Low-Level Supplier Held Responsible for Pill Mill's Entire Output

A federal judge recently sentenced a man who supplied a San Antonio-based pill mill with fentanyl, methamphetamine, and cocaine to nearly 21 years in federal prison without parole.


The defendant was a low-level supplier who provided drugs that were used to lace counterfeit prescription pills. The pills were then distributed to darknet buyers nationwide. The operation has been linked to at least one death.


Despite being a low-level supplier, the defendant was held accountable for the pill mill’s entire output. The result is that he will spend decades behind bars.


Today’s lesson: Federal authorities are serious about cracking down on illicit drug trafficking, regardless of an individual’s level in the supply chain.


Anyone involved in illicit drug trafficking need to be aware of how federal drug crimes work, and how prosecutors are securing convictions in these cases.


Here’s what you need to know…


Federal Possession with Intent to Distribute


Federal charges of possession with the intent to distribute are quite serious. That said, crimes of intent (like this one) are often misunderstood. There are some caveats to the legal definition.

To better understand, we’ll break the charge down into two separate components:


  1. Possession of the drugs; and
  2. The intention to distribute them


In order for charges of possession with intent to distribute to stick, prosecutors must satisfy both of these elements.




Possession can be a charge in itself, and covers not only mere physical possession of the substance in question but also when the substance is in your control.


You are usually considered to be “in possession” of narcotics if the substance is found on your person, in your home, or in your vehicle.


Pertaining specifically to pharmaceuticals, in order to claim legal possession, you must know that the drugs are present and be able to provide documentation (usually a prescription or some other official authorization) to that effect.


Additionally, if an illicit prescription is found in your home, vehicle or other property, and you had no idea they were present, you are not considered to be in possession.


However, in many cases, “possession” is applied when you reasonably “should have known” that the narcotics were present. Under this broader standard, prosecutors generally have an easier time proving this element.


Federal Intent to Distribute Drugs

Intent to Distribute


Proving intent, on the other hand, is always more difficult. The prosecution must prove what you were planning to do with the narcotics. Because it’s impossible to get inside of your head, intent must be proven by surrounding circumstances.


Typically, the intent to distribute is assumed when you’re found to be in possession of large amounts of narcotics — more than what could be considered for personal use.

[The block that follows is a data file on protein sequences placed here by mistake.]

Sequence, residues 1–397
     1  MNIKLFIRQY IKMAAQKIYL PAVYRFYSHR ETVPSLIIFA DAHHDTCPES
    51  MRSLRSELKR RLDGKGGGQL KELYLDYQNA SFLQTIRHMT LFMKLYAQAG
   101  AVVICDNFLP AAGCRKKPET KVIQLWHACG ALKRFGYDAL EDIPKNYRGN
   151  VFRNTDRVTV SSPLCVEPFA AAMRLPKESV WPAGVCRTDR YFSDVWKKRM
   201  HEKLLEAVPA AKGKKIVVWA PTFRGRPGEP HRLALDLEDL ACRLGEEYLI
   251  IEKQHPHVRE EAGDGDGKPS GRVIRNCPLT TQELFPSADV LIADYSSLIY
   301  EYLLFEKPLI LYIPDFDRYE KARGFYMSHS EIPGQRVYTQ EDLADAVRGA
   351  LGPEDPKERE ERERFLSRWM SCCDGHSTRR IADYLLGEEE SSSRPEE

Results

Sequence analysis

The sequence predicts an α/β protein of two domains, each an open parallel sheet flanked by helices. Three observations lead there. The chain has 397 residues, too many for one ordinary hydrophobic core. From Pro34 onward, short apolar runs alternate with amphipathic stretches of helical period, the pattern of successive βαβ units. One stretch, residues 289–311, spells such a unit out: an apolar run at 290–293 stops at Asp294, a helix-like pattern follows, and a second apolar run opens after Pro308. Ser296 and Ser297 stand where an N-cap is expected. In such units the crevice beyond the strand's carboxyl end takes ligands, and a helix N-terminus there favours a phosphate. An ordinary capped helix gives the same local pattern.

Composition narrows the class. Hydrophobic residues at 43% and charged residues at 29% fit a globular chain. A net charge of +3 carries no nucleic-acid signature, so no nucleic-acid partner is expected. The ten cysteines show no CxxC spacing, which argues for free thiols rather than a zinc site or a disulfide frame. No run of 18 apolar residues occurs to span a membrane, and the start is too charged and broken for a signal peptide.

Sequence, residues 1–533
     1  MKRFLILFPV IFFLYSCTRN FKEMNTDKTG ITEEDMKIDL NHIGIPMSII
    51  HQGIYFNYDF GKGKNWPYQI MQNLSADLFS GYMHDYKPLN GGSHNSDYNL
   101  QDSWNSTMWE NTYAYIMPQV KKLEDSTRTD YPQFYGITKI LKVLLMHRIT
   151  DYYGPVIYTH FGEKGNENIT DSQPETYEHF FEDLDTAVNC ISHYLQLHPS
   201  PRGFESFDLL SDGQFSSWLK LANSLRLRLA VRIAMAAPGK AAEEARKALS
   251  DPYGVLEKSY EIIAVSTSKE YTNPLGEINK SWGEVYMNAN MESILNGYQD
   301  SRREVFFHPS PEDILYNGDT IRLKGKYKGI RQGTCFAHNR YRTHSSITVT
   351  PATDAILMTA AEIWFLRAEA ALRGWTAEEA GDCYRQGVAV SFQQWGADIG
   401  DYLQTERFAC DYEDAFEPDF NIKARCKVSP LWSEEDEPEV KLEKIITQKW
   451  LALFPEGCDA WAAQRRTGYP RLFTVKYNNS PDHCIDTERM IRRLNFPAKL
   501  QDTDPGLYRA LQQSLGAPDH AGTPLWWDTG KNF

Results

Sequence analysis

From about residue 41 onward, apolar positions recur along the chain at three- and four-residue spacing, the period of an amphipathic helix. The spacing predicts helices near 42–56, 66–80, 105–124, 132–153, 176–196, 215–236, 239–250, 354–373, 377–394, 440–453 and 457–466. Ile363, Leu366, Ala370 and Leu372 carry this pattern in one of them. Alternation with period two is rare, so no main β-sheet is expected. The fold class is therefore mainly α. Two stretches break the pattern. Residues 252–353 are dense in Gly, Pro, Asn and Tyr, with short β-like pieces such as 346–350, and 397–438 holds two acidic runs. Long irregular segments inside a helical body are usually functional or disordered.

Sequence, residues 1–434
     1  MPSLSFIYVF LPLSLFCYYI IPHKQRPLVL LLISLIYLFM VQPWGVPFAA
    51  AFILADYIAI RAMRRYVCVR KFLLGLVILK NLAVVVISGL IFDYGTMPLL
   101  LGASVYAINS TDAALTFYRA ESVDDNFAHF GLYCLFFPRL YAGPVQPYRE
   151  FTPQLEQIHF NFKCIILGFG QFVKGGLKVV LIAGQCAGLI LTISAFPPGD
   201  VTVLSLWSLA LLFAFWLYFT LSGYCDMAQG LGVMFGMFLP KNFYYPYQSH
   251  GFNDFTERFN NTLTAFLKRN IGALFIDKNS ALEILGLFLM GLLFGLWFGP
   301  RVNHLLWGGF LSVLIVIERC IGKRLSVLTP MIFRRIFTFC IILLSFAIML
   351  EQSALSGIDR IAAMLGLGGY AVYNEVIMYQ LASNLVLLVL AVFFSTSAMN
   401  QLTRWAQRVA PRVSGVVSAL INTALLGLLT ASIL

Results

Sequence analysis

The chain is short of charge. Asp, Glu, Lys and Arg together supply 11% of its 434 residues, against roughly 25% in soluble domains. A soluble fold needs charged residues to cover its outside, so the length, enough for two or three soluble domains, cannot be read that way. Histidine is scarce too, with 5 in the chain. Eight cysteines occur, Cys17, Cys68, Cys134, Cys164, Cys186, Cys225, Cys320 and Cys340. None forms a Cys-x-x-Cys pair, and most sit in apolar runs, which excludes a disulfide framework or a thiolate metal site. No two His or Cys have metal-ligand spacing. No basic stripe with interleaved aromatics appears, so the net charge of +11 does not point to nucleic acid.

Other evidence could include packing materials, large amounts of money and communications from customers which would suggest distribution, or undercover agents posing as customers in sting operations testifying against you.


Note, possession with intent to distribute charges don’t apply unless both elements occur simultaneously. Let’s say you’re accused of planning to sell thousands of illegal prescription pills but haven’t received the shipment yet.


You can’t be charged with possession with intent to distribute. Instead, you’re likely to face related charges of conspiracy to possess with intent to distribute.


Conspiracy to Possess with Intent to Distribute


Most large-scale drug trafficking rings are highly organized, and top-ranking members typically aren’t in possession of large quantities of narcotics for a significant amount of time, if it all. Enter drug conspiracy


Under this charge, the defendant must only be in an agreement to possess and distribute drugs.


Specifically, three elements must be proven to convict on counts of conspiracy with intent to distribute:


  • Agreement: For conspiracy to occur, one or two people must agree to commit a crime. Prosecutors have the leeway to prove either a direct (or explicit) agreement or an indirect (or implicit) agreement between two co-conspirators.
  • Intent: Conspiracy is a crime of specific intent. This means that merely approving another party’s participation in the crime will not lead to a conviction. Instead, you must agree and must intend to commit or aid in the commission of conspiracy.
  • Overt Ac: Federal conspiracy statutes require proof of an overt act. In other words, at least one co-conspirator must initiate an overt act in furtherance of the conspiracy before the crime is committed.


The intricacies of drug trafficking statutes can be far more complicated that one might imagine.

As the San Antonio case proves, facing federal drug charges alone is not something you should do.


Federal prosecutors have extensive investigative resources to make a sufficient case even in seemingly improbable situations. Now that you know the basics, it’s time to reach out to a Houston drug crime attorney for advice.